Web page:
Generation of a Blister Model by Disruption of the Dermal-Epidermal Junction for Diagnosis of Recessive Dystrophic Epidermolysis Bullosa

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Recessive Dystrophic Epidermolysis Bullosa (RDEB) is a severe skin disorder produced by a mutation in the COL7A1 gene (c.6527inC) and leads to dysfunctional or absent collagen type VII in the dermo-epidermal junction. Consequently, blisters appear throughout the body, including mucous membranes. Currently, diagnosis is routinely performed by rubbing the skin to induce a blister and taking a biopsy for histological analysis. Mutational analysis is possible but it is expensive and difficult. In this work, a suction device has been developed to substitute the current RDEB diagnostic method by a more precise, reproducible and reliable one. An easy to use device represents a less invasive method of diagnosis that betters the life of patients that may have severe conditions such as RDEB. The principal characteristics of the device are its small size and manageability. It is equipped with a vacuum pump for suctioning, connected to a pressure sensor, an OLED screen to provide real-time reading of the sensor, and an incandescent light bulb to provide heat. The device can be turned on and off by a simple pushbutton, and the suction modulated. It is operated by an Arduino-compatible microcontroller. To obtain the combination of pressure and time needed for blister generation, RDEB human skin mice models were developed using human plasma scaffolds as dermal component. Applying a negative pressure of 80-85 kPa for 5 minutes produced a well-defined blister at the DEJ, without damaging the dermis. Results were confirmed by Hematoxylin and Eosin staining and immunohistochemical studies of collagen VII, vimentin and cytokeratins 10 and 14. Temperature influenced blister generation. Higher negative pressures proved to cause dermal disruption, with DEJ and intradermal blistering, as well as tissue deformation. Epidermis remained intact in all cases. To complement this work and explore one of the possible applications of the device, the result was tested on a skin model corrected for the COL7A1 gene mutation that was provided by another research group. Collagen VII was observed, and tissue architecture was conserved after suction without dermal disruption or blisters. In conclusion, determining blistering times for EB represents a great advance in the diagnosis of the disorder. Helping such patients determine their condition may greatly influence their cures. In addition, the data obtained may help in develop specific treatments for the different types and subtypes of RB, including RDEB.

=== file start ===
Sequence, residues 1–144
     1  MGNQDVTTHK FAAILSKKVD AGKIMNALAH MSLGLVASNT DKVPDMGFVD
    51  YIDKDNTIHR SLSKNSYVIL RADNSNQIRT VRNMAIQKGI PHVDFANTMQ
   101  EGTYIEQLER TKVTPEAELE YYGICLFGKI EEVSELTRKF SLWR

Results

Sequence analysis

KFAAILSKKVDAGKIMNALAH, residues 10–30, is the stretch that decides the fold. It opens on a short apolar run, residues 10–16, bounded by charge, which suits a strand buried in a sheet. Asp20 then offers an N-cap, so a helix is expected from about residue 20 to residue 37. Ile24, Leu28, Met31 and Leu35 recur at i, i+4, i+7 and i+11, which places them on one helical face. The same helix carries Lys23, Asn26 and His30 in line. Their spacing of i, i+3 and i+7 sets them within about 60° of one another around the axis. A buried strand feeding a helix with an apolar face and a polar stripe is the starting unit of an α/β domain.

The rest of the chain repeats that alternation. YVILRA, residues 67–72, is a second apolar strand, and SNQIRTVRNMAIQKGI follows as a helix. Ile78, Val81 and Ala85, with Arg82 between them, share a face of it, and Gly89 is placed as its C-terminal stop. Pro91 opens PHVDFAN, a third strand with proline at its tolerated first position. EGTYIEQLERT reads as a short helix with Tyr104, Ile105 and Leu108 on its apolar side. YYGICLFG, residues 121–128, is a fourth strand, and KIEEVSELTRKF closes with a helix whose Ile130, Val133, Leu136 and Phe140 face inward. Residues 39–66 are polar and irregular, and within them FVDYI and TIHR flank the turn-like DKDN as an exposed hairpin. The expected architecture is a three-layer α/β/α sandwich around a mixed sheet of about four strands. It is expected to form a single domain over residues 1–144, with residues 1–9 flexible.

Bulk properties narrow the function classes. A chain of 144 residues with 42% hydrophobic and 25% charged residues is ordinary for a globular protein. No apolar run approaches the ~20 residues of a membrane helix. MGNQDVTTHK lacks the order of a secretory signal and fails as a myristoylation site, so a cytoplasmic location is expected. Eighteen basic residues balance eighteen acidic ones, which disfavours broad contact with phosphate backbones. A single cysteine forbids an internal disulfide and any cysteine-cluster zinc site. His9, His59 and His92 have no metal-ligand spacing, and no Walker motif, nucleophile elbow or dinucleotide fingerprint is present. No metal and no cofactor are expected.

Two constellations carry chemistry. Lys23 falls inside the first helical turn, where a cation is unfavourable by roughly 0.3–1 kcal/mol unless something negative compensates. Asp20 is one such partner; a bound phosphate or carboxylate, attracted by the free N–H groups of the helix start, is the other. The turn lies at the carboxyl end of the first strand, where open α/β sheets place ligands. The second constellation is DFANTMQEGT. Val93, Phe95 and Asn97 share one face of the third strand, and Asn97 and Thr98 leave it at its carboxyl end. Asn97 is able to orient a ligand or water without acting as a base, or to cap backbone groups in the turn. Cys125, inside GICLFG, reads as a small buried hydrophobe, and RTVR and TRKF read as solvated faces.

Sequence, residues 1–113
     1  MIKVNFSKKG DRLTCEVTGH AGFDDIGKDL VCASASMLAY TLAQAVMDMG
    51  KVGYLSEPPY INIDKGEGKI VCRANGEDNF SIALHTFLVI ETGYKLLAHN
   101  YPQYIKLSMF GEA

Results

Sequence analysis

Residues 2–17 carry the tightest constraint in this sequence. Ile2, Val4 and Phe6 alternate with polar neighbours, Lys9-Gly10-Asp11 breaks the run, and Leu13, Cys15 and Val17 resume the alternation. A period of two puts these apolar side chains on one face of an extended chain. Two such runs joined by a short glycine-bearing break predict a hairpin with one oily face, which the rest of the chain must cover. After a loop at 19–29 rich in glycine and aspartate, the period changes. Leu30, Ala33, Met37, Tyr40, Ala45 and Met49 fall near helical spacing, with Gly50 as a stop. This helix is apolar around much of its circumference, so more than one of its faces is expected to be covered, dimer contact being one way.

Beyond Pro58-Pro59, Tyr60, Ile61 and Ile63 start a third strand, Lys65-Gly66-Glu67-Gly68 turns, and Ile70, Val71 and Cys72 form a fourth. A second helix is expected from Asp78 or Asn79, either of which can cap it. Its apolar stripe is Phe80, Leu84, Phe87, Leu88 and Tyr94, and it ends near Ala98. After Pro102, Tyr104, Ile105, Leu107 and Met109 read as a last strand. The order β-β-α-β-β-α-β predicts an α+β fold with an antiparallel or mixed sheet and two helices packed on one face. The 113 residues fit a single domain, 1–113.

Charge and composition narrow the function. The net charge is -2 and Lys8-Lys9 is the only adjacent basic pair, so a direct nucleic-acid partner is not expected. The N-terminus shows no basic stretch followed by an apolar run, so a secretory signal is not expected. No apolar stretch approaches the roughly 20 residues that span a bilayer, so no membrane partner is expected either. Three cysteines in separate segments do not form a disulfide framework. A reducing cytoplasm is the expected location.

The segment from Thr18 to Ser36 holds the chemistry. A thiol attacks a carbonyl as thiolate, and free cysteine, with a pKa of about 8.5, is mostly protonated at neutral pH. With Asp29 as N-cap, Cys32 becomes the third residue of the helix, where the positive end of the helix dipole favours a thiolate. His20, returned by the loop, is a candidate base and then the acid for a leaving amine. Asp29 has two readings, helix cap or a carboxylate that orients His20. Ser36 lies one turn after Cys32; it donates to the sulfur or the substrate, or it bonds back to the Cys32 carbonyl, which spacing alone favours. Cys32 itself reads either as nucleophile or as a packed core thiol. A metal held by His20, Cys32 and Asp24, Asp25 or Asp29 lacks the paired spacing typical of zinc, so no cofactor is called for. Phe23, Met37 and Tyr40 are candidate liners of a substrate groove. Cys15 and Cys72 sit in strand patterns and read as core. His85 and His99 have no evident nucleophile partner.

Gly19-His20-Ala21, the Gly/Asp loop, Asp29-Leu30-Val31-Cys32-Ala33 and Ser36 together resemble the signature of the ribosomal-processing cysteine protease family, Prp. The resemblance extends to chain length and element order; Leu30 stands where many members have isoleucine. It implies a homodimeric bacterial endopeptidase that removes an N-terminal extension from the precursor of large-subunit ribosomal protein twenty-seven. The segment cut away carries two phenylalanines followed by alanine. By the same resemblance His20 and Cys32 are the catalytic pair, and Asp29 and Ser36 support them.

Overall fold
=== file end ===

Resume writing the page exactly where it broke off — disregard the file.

Recessive Dystrophic Epidermolysis Bullosa, Suction device, Genetics, Gene mutation, Skin disorder, RDEB
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